70_HSE_Blog_12_-_Emergency_Evacuation Health and Safety Information Bulletin 12: Emergency Evacuation Routes
What are emergency evacuation routes?

An Emergency Evacuation or Exit Route (or Means of Egress) is a continuous and unobstructed path of exit travel from any point within a building to a place of safety

  • Every exit is to be clearly visible or the route to reach every exit shall be clearly indicated
  • Each means of egress is to be marked so that the way to a place of safety is clearly indicated
  • The number of evacuation routes will depend on the occupant load
  • All components of a means of egress should be maintained, inspected and repaired to ensure they serve their intended purpose during emergencies
  • Daily inspections of doors, corridors and stairs should be performed to ensure they are not obstructed or blocked
Why is it important to keep evacuation routes and exits unobstructed?

Fire can spread very quickly, so it is important that when a fire breaks out that occupants can evacuate the building as quickly as possible.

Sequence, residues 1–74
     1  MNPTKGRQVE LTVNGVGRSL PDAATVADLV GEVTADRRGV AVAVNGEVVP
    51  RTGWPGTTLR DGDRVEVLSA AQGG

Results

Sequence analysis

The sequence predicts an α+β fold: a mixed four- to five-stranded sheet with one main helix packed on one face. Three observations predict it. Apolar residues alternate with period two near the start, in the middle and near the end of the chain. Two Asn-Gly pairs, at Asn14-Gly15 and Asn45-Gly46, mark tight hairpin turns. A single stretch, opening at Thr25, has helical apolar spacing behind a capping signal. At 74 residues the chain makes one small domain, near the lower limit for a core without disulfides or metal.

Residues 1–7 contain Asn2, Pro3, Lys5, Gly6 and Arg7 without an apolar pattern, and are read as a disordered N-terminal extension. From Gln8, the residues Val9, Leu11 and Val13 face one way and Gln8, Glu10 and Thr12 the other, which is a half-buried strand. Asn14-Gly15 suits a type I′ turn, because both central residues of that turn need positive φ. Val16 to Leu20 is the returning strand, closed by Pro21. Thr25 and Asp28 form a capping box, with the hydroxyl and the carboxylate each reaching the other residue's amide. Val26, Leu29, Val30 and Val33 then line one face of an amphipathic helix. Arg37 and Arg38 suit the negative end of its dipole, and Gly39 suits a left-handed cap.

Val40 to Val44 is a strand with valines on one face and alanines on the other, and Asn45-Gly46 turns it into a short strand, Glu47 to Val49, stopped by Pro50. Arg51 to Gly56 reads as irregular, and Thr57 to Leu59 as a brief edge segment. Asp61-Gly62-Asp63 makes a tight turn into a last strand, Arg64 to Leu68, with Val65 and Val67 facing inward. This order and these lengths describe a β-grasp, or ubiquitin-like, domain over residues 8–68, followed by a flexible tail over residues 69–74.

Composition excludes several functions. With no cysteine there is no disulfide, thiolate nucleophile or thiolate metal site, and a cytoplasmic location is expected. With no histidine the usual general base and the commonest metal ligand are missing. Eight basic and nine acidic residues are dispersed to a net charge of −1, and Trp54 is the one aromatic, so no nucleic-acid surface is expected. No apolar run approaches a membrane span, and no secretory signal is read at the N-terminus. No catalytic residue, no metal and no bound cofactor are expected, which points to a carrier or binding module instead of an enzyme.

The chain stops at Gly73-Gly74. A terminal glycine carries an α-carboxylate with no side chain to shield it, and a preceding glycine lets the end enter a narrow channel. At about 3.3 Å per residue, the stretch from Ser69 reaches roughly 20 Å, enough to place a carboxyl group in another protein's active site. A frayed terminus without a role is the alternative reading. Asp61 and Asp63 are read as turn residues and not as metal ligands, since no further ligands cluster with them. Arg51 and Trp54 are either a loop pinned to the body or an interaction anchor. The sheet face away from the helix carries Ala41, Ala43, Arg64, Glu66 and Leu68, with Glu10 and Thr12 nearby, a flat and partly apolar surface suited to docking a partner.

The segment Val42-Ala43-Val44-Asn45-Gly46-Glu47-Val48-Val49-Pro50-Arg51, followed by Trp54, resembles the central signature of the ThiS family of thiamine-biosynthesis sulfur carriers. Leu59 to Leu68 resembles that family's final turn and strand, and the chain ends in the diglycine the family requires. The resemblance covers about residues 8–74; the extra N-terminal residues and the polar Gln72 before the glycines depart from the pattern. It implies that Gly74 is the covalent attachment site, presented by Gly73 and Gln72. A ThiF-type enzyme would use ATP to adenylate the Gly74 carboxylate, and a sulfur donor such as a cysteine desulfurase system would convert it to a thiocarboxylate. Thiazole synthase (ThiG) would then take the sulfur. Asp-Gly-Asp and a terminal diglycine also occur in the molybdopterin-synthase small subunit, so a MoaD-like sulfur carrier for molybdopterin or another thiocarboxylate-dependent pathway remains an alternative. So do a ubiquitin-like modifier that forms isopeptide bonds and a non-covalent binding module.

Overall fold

If the route out of the building is blocked or even just partially blocked, it can prolong evacuation times as occupants may need to move things out of the way or avoid objects.

It may also lead to accidents such as trips and falls as occupants try to leave the building.

Keeping evacuation routes and exits unobstructed
  • Keeping all fire doors and evacuation routes free from obstruction and clutter, especially in corridors and common areas is a high priority
  • If you observe a blocked fire exit or obstructed fire route you should inform Management immediately
  • To enable a quick escape, emergency exits provide additional ways to escape the building in case of a fire or other catastrophe
  • The escape route should lead to a place of safety, normally outside and away from the building
  • It is important that merchandise, furniture, or other items never block emergency doors
  • Doors on escape routes must always be available for use without the use of a key
  • During evacuations many occupants would try to leave the building at once which could result in occupant build-up slowing down the evacuation
  • It is therefore important to ensure exit routes are available and unobstructed, ensuring occupants leave quickly, greatly decreasing the risk of injury or death
  • Emergency exits can also be used when the main exit is blocked during a fire or disaster providing an alternative escape route